Given the collapse of the manufacturing sector in Ontario and the trend toward low-wage, temporary jobs that come without prescription drug and dental benefits or pension plans, you would think jobs would be a political lightning rod of an issue.
To date, only one of the federal leaders seeking the ultimate job -- that of Prime Minister -- has ventured to make jobs an issue.
NDP Leader Jack Layton says he wants to renew Canadian manufacturing, investing $8.2 billion over four years to create 40,000 new manufacturing jobs.
Saving manufacturing jobs, and creating new ones, is important. In fact, it's desperately needed. The average earnings of Canadian families in the middle class have been stagnant for an incredible 30 long years. You could argue the middle class in Canada would have completely collapsed if it weren't for two factors: Women are working in larger numbers than ever (because it takes two income earners for middle class families to make it anymore) and everyone but the richest 10% of Canadian families are clocking more hours at work. In fact, families are working, on average, 200 hours more a year compared to just 10 years ago.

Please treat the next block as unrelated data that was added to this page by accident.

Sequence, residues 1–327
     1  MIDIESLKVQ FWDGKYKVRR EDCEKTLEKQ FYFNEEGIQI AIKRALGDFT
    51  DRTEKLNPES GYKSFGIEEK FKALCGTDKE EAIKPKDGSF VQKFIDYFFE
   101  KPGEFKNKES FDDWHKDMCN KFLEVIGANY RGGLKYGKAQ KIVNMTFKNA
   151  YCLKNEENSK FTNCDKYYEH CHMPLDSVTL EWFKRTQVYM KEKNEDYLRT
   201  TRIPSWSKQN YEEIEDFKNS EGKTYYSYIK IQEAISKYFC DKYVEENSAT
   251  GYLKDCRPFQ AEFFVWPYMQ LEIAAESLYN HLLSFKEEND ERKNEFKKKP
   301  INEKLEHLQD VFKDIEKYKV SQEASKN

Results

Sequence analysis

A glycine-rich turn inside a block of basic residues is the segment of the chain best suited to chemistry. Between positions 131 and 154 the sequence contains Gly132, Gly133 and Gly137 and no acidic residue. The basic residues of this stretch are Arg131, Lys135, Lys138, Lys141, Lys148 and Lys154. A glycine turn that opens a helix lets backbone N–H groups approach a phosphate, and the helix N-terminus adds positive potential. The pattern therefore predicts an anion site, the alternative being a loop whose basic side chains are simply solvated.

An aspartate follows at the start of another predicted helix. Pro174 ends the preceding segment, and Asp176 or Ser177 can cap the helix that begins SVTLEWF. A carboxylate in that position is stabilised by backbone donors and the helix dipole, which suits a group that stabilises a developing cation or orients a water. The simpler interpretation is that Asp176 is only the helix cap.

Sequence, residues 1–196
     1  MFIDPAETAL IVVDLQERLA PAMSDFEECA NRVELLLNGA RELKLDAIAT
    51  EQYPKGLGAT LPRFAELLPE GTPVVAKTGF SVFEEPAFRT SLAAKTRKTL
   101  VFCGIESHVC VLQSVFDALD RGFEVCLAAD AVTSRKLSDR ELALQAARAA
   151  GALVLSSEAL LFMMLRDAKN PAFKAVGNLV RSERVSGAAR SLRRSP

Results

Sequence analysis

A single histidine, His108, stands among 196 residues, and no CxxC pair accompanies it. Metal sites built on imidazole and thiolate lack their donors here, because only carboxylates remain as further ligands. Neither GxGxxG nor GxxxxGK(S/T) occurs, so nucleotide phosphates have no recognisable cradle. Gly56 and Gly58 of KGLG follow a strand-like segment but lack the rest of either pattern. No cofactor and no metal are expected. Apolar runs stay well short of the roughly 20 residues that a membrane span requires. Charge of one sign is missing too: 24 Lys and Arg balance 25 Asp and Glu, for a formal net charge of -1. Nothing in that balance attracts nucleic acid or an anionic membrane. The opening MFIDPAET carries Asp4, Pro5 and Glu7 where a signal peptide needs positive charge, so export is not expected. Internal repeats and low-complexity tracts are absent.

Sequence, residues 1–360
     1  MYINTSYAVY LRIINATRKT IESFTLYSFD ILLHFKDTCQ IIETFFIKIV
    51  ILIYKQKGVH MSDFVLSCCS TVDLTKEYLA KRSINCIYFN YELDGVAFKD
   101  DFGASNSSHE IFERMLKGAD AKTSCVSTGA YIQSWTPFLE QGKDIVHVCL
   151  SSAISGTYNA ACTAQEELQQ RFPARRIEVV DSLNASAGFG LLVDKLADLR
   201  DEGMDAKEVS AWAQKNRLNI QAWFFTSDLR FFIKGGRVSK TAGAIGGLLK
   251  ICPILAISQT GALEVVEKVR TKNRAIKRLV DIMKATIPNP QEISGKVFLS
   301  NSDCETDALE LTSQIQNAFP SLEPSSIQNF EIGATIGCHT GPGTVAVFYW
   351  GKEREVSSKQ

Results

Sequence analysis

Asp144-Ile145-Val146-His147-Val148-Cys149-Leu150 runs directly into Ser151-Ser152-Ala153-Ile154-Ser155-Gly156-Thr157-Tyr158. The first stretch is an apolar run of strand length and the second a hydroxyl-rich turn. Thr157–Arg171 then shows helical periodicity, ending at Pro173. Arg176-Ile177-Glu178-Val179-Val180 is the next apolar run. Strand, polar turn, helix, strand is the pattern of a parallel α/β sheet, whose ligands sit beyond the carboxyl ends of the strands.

Canadians have been pulling out all the stops, doing whatever it takes to keep from falling behind.
But if Canada continues to lose good paying jobs, no amount of extra working hours will cut it for the struggling middle class.
And those families in the bottom 20 percent of the income spectrum -- poor families looking for a way out but often trapped in the cycle of low-wage, temporary work -- will be in even greater trouble.
I know there is a lot of debate about what it means to say 'middle class', but when you ask Canadians how they would identify themselves, most will say they are middle class and it's a notional concept for them. It means a comfortable lifestyle. Not rich, not free and easy, but enough to make ends meet, have a good quality of life and make sure your children have access to good opportunities.
Most Canadians understand that manufacturing jobs are middle-class jobs that help hard-working families own homes and keep up with the rising cost of living.
They talk about this in America all the time. In Canada? Not so much.
It's time that changes, because Canadians are looking for political leadership, not crass politics.
Political leaders who advance concrete, do-able solutions to help keep and grow more middle class jobs will find a receptive audience among Canadian voters.
The question is: Are the other political leaders listening? Or will the next five weeks be mired in puffin poop and other inanities?
-- Trish Hennessy